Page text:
The latest health inspection results for more than 3,000 food establishments in Nassau County are now available for viewing at Newsday’s website.
The interactive data can be searched by community or restaurant name and show any violations found in the most recent inspection by county officials.
Newsday’s data are pulled from county reports collected by the New York State Department of Health.
Suffolk’s inspection results will be added later. Suffolk has temporarily stopped adding new inspection information as it revamps its website with new software, expected to take about six months.
Both counties inspect food establishments using random unannounced visits and checking for a long list of potential criminal and civil violations.
Most violations are civil. Fines run as high as $2,000.
The counties inspect restaurants, bars, cafeterias, bakeries, catering halls, pizzerias, doughnut shops, bagel stores, ice cream shops, portable food wagons. Supermarkets are inspected by the state under a separate program.
Nassau has 5,624 food service establishments to inspect, and the county does about 12,000 inspections a year, said Nassau County Department of Health spokeswoman Mary Ellen J. Laurain. The frequency of inspections depends on the type of business, she said.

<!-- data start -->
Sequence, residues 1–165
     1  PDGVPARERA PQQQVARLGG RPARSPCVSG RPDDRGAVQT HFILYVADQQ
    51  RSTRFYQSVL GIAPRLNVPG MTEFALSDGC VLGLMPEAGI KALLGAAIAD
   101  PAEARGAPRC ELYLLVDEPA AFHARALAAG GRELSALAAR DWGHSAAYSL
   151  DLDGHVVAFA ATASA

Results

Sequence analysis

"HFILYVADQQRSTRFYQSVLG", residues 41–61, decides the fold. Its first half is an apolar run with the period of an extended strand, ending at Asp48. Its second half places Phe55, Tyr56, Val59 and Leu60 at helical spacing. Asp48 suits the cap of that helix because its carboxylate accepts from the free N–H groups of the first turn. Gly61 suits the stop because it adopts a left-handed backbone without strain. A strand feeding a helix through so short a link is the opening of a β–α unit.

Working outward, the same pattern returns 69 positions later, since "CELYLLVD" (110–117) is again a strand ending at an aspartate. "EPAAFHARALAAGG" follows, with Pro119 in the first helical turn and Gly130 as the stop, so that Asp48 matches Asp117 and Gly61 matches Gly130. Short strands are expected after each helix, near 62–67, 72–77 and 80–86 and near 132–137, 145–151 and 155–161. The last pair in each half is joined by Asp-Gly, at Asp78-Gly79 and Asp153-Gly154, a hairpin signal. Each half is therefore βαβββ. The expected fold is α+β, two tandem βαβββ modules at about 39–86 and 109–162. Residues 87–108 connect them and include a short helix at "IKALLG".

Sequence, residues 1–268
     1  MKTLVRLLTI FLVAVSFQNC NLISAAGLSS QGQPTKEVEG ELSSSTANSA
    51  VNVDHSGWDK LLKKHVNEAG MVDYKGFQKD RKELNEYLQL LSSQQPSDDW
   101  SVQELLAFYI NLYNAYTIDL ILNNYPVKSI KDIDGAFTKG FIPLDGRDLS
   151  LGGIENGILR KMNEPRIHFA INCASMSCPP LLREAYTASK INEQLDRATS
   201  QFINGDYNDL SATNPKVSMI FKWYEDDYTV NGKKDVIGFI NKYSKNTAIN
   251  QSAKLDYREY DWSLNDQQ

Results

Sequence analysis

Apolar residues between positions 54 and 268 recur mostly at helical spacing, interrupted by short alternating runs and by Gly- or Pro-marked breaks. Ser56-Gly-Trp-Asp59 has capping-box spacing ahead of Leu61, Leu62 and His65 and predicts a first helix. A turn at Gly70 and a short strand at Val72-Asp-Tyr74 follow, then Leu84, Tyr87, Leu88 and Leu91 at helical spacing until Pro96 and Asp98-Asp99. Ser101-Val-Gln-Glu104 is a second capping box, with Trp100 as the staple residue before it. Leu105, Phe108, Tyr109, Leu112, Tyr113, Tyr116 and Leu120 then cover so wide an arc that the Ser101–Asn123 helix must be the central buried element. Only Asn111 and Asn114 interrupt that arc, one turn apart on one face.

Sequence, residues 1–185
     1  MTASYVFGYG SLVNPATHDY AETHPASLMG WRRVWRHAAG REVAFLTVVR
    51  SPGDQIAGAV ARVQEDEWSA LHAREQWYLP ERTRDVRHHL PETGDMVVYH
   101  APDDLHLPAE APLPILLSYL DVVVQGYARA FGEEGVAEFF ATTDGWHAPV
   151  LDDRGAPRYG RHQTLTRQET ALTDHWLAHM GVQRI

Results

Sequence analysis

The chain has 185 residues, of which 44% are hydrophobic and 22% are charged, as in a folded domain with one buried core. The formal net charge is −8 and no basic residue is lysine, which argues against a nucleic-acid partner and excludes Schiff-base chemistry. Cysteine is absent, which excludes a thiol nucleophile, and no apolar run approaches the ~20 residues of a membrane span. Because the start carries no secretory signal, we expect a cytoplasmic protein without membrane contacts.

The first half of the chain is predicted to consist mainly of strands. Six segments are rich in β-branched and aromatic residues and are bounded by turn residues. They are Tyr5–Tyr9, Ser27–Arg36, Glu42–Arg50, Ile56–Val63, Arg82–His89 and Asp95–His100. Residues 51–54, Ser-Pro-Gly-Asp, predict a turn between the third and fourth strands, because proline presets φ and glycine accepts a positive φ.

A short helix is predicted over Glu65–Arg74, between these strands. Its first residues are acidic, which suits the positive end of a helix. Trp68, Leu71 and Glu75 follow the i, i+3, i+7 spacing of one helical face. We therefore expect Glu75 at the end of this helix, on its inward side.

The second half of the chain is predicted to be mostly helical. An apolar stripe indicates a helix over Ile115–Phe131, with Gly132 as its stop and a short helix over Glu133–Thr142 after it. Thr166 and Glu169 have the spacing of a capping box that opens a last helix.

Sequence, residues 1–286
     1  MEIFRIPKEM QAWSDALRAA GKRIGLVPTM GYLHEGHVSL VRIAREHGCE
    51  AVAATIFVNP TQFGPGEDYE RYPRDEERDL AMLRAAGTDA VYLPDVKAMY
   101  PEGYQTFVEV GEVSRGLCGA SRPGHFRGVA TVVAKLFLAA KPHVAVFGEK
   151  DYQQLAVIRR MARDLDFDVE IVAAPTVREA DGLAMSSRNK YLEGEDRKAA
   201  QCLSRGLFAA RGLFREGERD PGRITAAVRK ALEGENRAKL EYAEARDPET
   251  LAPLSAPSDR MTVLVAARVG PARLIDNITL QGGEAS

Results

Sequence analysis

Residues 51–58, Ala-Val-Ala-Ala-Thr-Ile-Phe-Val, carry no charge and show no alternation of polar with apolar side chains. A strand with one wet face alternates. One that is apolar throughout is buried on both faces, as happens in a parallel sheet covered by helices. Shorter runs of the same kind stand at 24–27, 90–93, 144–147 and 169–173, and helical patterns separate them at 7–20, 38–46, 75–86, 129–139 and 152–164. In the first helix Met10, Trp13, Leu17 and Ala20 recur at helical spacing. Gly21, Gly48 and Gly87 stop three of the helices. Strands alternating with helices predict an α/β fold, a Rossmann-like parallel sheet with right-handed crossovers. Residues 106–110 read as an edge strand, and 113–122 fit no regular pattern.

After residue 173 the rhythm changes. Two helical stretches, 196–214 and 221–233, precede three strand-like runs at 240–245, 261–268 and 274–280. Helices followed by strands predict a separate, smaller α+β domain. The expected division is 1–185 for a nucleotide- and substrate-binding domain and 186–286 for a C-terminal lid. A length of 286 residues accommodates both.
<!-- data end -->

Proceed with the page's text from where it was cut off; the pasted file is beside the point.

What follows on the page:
Establishments considered at high risk of behaviors that can lead to food-borne illnesses, including full service restaurants, are inspected twice a year. Medium risk establishments are inspected once a year. They include fast food restaurants where times between preparation and service of food are typically shorter.
Low-risk establishments, such as bars with limited food service, get inspected once every two years.
But establishments of any type with many violations on their records are inspected more frequently, Laurain said. “We keep on going back,” she said.
Suffolk inspects more than 4,500 establishments, and officials there conducted 3,623 sanitary inspections last year, a county spokeswoman said. As in Nassau, frequencies vary by type of establishment.
The counties can close food establishments in the presence of an “imminent health hazard” from conditions that make it probable that continued operation will cause illness. But Laurain said most establishments correct critical violations right away.
To complain about a food service establishment in Nassau, call the health department at 516-227-9717.
In Suffolk, contact the Department of Health by email at email@example.com; by mail at 360 Yaphank Ave., Suite 2A, Yaphank, NY 11980, or call 631-852-5999.